Let's say I'm "self-sufficient." I don't need money because I don't do business with anyone else. I grow all my own crops and hammer out my own plows on my own anvil. Many environmentalists want us to be more "self-sufficient," "in harmony with nature." But in reality, people like me -- with no marketable talents -- would live in abysmal poverty if we had to be "self-sufficient." I don't know how to grow crops, butcher cattle, forge steel, build a central air conditioning unit, or drill my own cavities.

Reporter: So money makes it possible for you to buy other people's stuff. More money = more stuff, right?

That's not what I'm getting at.

Suppose I know how to grow wheat, but I want to have a computer. You know how to build computers, but you're on a wheat-free diet. I'm out of luck. Even if you wanted some of my wheat, the computers you make are all worth more than 500 lbs. of my wheat, and you don't want that much wheat. We can't trade. I'm forced to be "self-sufficient." My standard of living goes down.

If there are ten things I want, I don't have time to search around the country for the ten people who have those things and who also want my wheat. Or, if I find ten people who have the things I want, but who want things other than my wheat, I don't have the time to find ten more people who (1) have the things those first ten people want, and who are (2) willing to trade those things for my wheat, so I can trade those things with the ten people who have the things I want. By this time, my wheat has spoiled anyway.

Direct exchange ("barter") will always keep humanity "self-sufficient" and in poverty.

What I need is a medium of exchange, so I can engage in indirect exchange with many other people, and avoid being "self-sufficient." Something I can trade my wheat for -- like silver -- not because I want silver, but because I'm going to trade it for something I do want, with people who accept silver in trade for the goods or services they provide.

If all I wanted were computers, and all the computer-maker wanted was my wheat, I wouldn't need any "money" at all -- the computer-maker and I could make direct exchanges of wheat for computers all day long, never needing any "money." "Love of money" would be irrelevant.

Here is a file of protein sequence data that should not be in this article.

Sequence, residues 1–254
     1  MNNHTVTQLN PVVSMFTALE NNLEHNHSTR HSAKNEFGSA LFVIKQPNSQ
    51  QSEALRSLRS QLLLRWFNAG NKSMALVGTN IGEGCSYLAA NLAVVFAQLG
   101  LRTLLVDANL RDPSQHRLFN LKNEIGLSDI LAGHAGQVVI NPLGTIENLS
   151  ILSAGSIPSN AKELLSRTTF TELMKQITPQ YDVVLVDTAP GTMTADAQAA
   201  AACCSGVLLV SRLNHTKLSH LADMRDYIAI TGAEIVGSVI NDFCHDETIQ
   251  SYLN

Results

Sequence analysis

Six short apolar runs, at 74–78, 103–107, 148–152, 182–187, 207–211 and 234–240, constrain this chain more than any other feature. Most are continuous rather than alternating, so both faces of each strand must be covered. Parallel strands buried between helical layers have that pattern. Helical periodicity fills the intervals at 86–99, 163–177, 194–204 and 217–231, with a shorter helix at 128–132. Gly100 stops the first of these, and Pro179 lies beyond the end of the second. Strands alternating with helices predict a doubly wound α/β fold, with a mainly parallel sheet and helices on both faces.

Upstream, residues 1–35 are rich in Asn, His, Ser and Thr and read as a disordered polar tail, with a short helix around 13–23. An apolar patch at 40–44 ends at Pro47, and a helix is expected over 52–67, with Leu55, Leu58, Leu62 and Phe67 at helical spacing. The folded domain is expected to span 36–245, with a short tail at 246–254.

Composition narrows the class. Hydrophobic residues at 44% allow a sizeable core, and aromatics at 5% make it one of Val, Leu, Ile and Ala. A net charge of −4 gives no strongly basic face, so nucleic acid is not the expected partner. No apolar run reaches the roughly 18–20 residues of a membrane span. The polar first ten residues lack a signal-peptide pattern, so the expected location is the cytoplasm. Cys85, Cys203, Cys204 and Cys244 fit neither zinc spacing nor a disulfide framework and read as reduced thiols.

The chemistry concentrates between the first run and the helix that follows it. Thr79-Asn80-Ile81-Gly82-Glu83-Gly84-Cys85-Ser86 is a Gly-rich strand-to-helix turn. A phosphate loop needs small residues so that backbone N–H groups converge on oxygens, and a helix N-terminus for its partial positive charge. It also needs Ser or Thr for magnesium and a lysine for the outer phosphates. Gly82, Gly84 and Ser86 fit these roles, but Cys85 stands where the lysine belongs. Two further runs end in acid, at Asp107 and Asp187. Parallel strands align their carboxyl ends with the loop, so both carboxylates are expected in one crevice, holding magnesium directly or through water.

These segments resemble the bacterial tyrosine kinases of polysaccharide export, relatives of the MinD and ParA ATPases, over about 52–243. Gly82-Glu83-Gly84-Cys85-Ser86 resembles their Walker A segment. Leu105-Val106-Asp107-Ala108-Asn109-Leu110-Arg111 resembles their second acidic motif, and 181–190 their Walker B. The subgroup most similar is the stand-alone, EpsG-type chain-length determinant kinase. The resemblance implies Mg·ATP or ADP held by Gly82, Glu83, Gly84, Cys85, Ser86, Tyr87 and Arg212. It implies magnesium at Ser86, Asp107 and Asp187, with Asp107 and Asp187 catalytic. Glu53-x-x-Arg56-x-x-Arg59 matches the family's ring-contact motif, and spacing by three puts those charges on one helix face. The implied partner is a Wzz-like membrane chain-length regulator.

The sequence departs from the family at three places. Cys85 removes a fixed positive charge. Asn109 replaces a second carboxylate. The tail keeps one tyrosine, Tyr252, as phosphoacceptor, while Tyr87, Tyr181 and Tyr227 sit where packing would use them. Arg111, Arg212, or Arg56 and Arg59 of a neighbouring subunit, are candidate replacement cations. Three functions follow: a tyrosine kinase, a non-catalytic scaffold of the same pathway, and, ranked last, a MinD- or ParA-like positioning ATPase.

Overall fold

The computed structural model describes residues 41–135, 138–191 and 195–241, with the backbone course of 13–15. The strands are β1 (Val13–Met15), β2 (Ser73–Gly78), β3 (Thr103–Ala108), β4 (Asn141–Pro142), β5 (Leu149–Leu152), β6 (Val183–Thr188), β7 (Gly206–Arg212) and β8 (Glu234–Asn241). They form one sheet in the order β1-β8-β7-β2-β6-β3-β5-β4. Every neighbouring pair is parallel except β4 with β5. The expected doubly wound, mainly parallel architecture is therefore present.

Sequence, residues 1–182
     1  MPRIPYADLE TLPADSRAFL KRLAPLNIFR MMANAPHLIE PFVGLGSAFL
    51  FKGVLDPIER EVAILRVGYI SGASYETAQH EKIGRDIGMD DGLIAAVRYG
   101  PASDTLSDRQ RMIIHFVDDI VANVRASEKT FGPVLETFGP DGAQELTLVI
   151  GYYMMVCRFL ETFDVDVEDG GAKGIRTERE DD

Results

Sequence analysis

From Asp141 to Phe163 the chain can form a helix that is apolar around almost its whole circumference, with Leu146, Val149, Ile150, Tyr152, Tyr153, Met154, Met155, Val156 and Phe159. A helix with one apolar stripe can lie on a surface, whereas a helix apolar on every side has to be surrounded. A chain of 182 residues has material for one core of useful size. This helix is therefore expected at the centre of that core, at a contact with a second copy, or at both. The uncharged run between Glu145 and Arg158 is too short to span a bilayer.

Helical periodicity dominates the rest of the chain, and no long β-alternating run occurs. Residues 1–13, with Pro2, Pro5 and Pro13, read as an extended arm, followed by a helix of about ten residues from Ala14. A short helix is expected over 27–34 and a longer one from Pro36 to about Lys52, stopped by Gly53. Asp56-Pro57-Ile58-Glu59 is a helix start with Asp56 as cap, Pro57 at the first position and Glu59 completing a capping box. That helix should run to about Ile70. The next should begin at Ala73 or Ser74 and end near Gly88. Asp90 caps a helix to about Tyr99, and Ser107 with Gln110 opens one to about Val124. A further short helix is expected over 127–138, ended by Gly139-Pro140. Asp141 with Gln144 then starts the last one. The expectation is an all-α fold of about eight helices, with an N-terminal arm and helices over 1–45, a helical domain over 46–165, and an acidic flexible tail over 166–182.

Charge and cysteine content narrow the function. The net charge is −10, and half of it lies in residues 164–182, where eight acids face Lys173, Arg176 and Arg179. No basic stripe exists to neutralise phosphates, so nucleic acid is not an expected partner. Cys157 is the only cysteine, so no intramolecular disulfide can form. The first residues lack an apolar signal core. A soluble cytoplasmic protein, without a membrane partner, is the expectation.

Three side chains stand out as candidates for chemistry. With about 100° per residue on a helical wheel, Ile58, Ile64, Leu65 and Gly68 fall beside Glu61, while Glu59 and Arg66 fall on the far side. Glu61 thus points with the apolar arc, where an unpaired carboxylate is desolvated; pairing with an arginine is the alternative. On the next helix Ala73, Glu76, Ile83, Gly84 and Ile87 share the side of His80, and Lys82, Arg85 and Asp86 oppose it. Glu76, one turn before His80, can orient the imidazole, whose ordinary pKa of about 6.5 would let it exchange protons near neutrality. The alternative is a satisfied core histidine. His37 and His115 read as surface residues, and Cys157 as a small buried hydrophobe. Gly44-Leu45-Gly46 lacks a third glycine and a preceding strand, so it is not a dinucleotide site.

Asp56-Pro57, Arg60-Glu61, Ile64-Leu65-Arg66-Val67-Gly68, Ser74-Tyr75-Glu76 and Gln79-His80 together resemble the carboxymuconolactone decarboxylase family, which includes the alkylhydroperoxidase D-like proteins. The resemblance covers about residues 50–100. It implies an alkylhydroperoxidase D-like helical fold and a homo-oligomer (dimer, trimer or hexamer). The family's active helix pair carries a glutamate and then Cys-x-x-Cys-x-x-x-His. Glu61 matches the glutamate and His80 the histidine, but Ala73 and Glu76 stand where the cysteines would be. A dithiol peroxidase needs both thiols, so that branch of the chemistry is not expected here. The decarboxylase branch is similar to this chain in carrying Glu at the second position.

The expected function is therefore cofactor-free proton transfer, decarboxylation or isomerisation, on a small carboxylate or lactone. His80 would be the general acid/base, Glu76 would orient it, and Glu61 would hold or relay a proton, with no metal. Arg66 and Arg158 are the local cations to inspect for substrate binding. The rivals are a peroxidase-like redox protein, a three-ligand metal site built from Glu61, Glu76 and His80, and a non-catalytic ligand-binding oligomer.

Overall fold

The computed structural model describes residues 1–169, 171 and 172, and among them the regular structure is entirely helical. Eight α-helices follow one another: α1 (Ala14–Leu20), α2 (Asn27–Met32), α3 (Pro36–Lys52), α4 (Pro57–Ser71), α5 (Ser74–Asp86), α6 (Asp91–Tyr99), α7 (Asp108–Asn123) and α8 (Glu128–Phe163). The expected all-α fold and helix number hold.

But once we agree that living in "self-sufficiency" isn't as good as living in community with billions of other human beings, where all the labor that needs to be done to create The New Jerusalem is divided up among all the inhabitants, so we each work at what we do best, exchanging the fruits of our labor for the fruits of everyone else in the community, we need money.

Money isn't wealth, or at least that's not why people want it. Money makes exchanges possible. Money makes the division of labor possible.

Reporter: So isn't it a good thing we have the government to create money for us?

Money doesn't require "the government" at all. In fact, governments have always been the group that destroys money. The government is the only group that can make it a curse to have piles and piles of money:


Money is the most marketable commodity, the stuff that can be traded for everyone else's stuff, because everyone accepts the stuff, knowing that everyone else accepts the stuff.

Using gold and silver for exchanging indirectly is consistent with "The Laws of Nature and of Nature's God". Using aluminum electroplated with gold is fraud, a violation of many laws in the Bible about honest money. If the Bible really taught that money is evil, why so many laws protecting its purity and efficiency?

Using a common commodity also enables human beings to create "prices," so that if I need to trade with ten different people to get the stuff I want, I don't have to make ten different calculations about the value of the stuff based on ten different commodities that I'm trading for. Every day, trillions of exchanges are made around the world, and "prices" enable us to decide if an exchange is a good one.

A stable price means calculations can be relied upon into the future. That makes effective planning possible, and an honest price system integrates the plans of billions of individual people, each with individual wants, into a rational economic system.

By messing around with our money, governments always mess around with our prices, and people get cheated. The economic system breaks down, and people are thrust into lower standards of living.